10. A classic of comic fantasyA wizard cursed with an affliction causing him to be allergic to all magic, his pimply faced farmboy apprentice who has learned to call down rains of haddock, and a warrior with an enchanted club which steals people's memories discover a plot hatched by the demons of the Netherhells to take over the world above. Gardner deftly weaves the comic tale of their misadventures as they try to make their way to Vushta, the city of a thousand forbidden delights, to warn the wiza [...]

    11. In the same tradition as Piers Anthony's Xanth novels, this is a comedic fiction that is fun to read, but ultimately relatively mindless.Interestingly enough, this series was pieced together from short stories the author wrote to help launch his career. I found the forward for the book as interesting as the writing itself as I have a bit of a fascination with a certain generation of fantasy and sci-fi authors. Surprise surprise, I find myself reading this at the same time that I have a Mercedes [...]

    12. Um The plot, such as it is, isn't finished in this book, not that it matters. Most of the humour fell completely flat for me. The running jokes weren't funny the first time, and there is a difference between madcap and random confusion. Characters converse for paragraphs before the oh by the way we picked up some travelling companions. There were other awkward moments in the writing. The main character doesn't really rescue much. The two stars come from this book being as light as promised, and [...]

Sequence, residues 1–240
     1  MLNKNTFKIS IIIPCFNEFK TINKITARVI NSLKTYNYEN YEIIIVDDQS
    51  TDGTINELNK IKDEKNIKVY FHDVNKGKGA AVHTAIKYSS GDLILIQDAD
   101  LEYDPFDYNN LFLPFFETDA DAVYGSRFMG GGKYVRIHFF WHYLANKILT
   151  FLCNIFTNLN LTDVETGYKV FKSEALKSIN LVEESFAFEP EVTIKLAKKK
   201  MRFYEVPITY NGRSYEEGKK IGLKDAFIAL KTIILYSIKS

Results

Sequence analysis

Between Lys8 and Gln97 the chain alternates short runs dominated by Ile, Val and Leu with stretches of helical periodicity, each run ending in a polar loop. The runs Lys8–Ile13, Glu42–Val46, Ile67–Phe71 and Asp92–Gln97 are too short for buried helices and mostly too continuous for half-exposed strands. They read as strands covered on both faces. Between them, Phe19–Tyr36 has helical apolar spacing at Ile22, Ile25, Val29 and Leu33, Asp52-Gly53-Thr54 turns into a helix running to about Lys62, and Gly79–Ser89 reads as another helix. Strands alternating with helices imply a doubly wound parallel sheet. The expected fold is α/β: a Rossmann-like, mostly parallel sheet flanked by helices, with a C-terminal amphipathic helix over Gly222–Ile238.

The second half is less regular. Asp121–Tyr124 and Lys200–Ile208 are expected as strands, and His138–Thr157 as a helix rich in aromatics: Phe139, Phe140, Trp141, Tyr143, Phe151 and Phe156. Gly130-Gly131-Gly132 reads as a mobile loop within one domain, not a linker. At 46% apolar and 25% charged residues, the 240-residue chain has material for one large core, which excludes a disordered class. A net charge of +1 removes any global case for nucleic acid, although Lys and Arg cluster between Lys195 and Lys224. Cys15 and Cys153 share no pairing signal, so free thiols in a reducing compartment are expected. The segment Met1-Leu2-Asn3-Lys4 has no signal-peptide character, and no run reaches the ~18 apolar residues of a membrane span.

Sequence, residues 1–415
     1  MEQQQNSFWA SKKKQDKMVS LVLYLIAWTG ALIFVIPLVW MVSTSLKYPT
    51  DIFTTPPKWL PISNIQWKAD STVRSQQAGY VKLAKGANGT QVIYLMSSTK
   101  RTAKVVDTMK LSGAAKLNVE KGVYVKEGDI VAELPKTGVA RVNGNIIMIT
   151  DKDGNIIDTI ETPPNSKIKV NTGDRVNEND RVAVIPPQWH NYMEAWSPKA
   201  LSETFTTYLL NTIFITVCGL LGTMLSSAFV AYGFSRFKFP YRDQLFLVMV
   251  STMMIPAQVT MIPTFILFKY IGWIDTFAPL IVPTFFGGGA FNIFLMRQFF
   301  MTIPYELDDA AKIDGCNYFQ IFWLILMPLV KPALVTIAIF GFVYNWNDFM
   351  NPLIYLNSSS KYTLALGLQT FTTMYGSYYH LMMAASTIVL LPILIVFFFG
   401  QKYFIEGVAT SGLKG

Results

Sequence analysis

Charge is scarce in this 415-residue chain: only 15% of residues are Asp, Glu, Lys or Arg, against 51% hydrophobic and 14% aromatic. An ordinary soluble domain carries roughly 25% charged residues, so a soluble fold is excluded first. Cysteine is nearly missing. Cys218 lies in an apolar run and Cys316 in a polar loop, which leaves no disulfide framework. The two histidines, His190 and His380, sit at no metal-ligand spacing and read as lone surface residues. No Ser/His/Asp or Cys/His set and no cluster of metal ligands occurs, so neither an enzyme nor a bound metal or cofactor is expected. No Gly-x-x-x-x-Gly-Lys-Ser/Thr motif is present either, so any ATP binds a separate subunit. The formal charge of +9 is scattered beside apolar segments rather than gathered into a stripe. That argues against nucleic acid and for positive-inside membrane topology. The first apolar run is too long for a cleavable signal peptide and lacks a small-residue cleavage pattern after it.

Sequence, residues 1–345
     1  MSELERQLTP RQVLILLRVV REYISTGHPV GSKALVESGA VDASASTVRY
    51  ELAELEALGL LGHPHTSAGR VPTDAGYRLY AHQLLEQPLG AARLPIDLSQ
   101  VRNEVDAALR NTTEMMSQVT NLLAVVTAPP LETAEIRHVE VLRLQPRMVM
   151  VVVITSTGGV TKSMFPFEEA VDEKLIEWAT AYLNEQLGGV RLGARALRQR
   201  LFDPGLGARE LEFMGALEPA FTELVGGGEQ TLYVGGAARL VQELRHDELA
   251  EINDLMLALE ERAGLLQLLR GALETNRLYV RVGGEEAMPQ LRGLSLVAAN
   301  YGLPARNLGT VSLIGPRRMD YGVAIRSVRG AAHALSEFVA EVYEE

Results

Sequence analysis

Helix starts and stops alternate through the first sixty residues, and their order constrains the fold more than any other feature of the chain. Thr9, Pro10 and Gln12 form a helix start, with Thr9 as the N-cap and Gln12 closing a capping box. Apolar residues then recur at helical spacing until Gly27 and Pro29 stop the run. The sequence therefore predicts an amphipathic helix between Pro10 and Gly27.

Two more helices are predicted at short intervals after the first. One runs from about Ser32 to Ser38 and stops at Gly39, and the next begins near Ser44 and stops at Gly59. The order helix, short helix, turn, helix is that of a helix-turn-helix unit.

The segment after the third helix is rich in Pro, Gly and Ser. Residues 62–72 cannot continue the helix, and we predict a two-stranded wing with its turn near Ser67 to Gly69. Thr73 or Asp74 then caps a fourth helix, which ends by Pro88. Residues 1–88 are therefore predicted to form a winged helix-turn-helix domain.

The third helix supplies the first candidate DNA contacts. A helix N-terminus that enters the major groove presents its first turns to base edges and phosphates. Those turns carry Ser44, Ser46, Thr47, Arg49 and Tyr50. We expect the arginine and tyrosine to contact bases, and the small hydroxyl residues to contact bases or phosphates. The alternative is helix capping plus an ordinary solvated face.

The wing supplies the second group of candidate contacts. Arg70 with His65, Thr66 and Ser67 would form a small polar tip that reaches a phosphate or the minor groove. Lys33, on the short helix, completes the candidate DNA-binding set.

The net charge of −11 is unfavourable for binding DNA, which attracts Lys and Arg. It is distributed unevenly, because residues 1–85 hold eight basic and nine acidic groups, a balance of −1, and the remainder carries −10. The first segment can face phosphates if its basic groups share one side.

13. I FOUND IT! I have been trying to remember the name of this book for ages and I finally found it! I read this SO many times as a kid and I no longer have a copy of it. I am rating 5 stars for the nostalgia of it and I really, really want to find another copy of this to re-read.From what I remember this book is about a wizard's apprentice who accidentally curses his master making the wizard allergic to magic. The hapless apprentice then has to go find the cure before a wizard eating demon kills t [...]

    14. Meh. I can't believe this was ever a contender in the raging junior high debates about which fantasy series was the funniest. Asprin's ANOTHER FINE MYTH for one leaves this one in the dust.[Of course, nowadays Pratchett's Discworld book would render this debate utterly moot, but at the time I think only THE COLOUR OF MAGIC had been published in the US,]Still, I'm quite happy to have finally read it.